Author Archives: shoead

Fowell & Jones, Rugeley

Fowell & Jones were manufacturers of cork socks (linings for shoes) and lambswool slippers in the 1920s and 1930s. They occupied the Forward Works in Rugeley, a former corn mill in Mill Lane. Among other products, they made ‘Baggaley’s Premier’ … Continue reading

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Stokes & Co., Tanners, Rugeley

Stokes & Co.’s origins lay with Stephen Stokes and John Negus, a Walsall tannery business founded in 1851. Stokes acquired John Cox’s tannery in Rugeley in 1865, which thereafter became the focus of the company’s leather production. However, the tannery’s … Continue reading

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Edward Pinchess & Co. Ltd., boot and shoe manufacturers, Rugeley

Based in Earl Shilton, Leicestershire, Edward Pinchess & Co. Ltd. opened a branch factory in Mill Lane, Rugeley in 1945. Founded in the 1890s, the company’s Earl Shilton factory had been heavily hit by war-time requisitions of its premises and … Continue reading

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Strikes and sewing machines

Before 1855, most shoemaking processes took place in people’s homes, with outworkers carrying out work in their own houses. Women and children would sew together the leather uppers, made from pieces of thin leather, while men would carry out the … Continue reading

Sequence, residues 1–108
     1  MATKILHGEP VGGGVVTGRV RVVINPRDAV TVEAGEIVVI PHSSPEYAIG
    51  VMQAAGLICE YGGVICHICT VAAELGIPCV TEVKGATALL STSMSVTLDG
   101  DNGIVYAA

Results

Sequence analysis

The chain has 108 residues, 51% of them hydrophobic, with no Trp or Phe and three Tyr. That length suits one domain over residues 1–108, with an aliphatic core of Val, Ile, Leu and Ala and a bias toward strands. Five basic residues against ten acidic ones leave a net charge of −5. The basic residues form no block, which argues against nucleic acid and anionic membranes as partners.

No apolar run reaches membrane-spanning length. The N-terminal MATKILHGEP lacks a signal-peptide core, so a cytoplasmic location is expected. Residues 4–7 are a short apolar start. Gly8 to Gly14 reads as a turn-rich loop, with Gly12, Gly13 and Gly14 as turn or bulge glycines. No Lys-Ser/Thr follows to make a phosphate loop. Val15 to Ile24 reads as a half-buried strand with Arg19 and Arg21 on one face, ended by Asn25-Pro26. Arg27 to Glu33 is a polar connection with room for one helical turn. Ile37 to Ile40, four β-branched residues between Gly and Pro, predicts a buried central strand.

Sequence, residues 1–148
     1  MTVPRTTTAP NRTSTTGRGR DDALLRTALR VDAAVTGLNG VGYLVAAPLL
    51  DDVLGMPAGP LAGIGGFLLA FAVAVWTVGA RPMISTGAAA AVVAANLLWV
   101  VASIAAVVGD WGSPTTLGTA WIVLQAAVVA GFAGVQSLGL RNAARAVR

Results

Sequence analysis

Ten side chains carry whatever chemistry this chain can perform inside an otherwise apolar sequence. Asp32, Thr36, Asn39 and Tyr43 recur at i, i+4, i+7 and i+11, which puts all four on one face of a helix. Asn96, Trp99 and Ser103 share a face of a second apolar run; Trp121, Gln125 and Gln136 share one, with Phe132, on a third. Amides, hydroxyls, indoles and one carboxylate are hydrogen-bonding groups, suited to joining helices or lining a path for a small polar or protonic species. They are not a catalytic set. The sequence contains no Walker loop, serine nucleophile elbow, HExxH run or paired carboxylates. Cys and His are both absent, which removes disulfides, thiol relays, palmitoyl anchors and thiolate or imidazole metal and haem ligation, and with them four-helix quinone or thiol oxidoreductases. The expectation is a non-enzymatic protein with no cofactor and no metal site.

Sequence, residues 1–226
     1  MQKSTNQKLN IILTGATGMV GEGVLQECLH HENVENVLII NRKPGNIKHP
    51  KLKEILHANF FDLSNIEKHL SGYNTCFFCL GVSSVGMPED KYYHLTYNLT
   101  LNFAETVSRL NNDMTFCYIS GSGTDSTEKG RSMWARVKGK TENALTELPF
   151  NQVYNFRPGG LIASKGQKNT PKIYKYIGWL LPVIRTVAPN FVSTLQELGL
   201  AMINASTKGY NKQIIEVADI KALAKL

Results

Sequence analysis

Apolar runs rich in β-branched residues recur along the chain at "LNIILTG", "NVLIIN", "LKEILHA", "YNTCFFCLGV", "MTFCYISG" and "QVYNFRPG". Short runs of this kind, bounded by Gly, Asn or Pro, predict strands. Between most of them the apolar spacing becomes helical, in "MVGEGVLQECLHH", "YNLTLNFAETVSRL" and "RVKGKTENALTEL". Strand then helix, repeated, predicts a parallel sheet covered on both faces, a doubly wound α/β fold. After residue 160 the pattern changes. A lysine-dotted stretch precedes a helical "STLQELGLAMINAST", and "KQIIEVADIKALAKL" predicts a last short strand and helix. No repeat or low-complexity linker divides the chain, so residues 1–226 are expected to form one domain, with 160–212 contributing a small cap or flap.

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Heels Ltd

In about 1920 Heels Ltd. built their factory in Friars Terrace, Stafford, specialising in the manufacture of wooden heels for the boot and shoe trade. They became the largest manufacturer of heels in Britain, producing 400,000 dozen pairs a year … Continue reading

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Mason & Marson

Frederick Marson was operating as a shoe manufacturer in Stafford in the 1870s. The company of Mason and Marson first appear in local directories in 1888, when they were operating as boot and shoe manufacturers at 74 Eastgate Street. The … Continue reading

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Trade Unions

Early workers’ organisations Early trade societies in Stafford and Stone appear to have been friendly societies, which provided benefits for members and their families when they were sick or unemployed. There were a number of these organisations in the 1850s, … Continue reading

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Invogue Shoes of Stone

Invogue was the only shoe manufacturer apart from Lotus Ltd. to survive beyond the Second World War. By 1932 the company, which belonged to the Reinli family, had taken over Perry’s shoe factory which stood behind 59 High Street. Perry’s … Continue reading

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Richard Podmore & Son

Richard Podmore was born in Sandon in 1815, the son of an agricultural labourer. Richard was apprenticed to Edward Lloyd, shoemaker, in Stafford. The 1841 census records him as a shoemaker living in Union Buildings on Gaol Road. He is … Continue reading

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Edward Lloyd & Son

Edward Lloyd began his shoemaking business in Stafford in about 1828, and became one of the town’s most successful businesses in the later 19th century. He was born in Birmingham in 1803, and was making shoes in Stafford by 1823. … Continue reading

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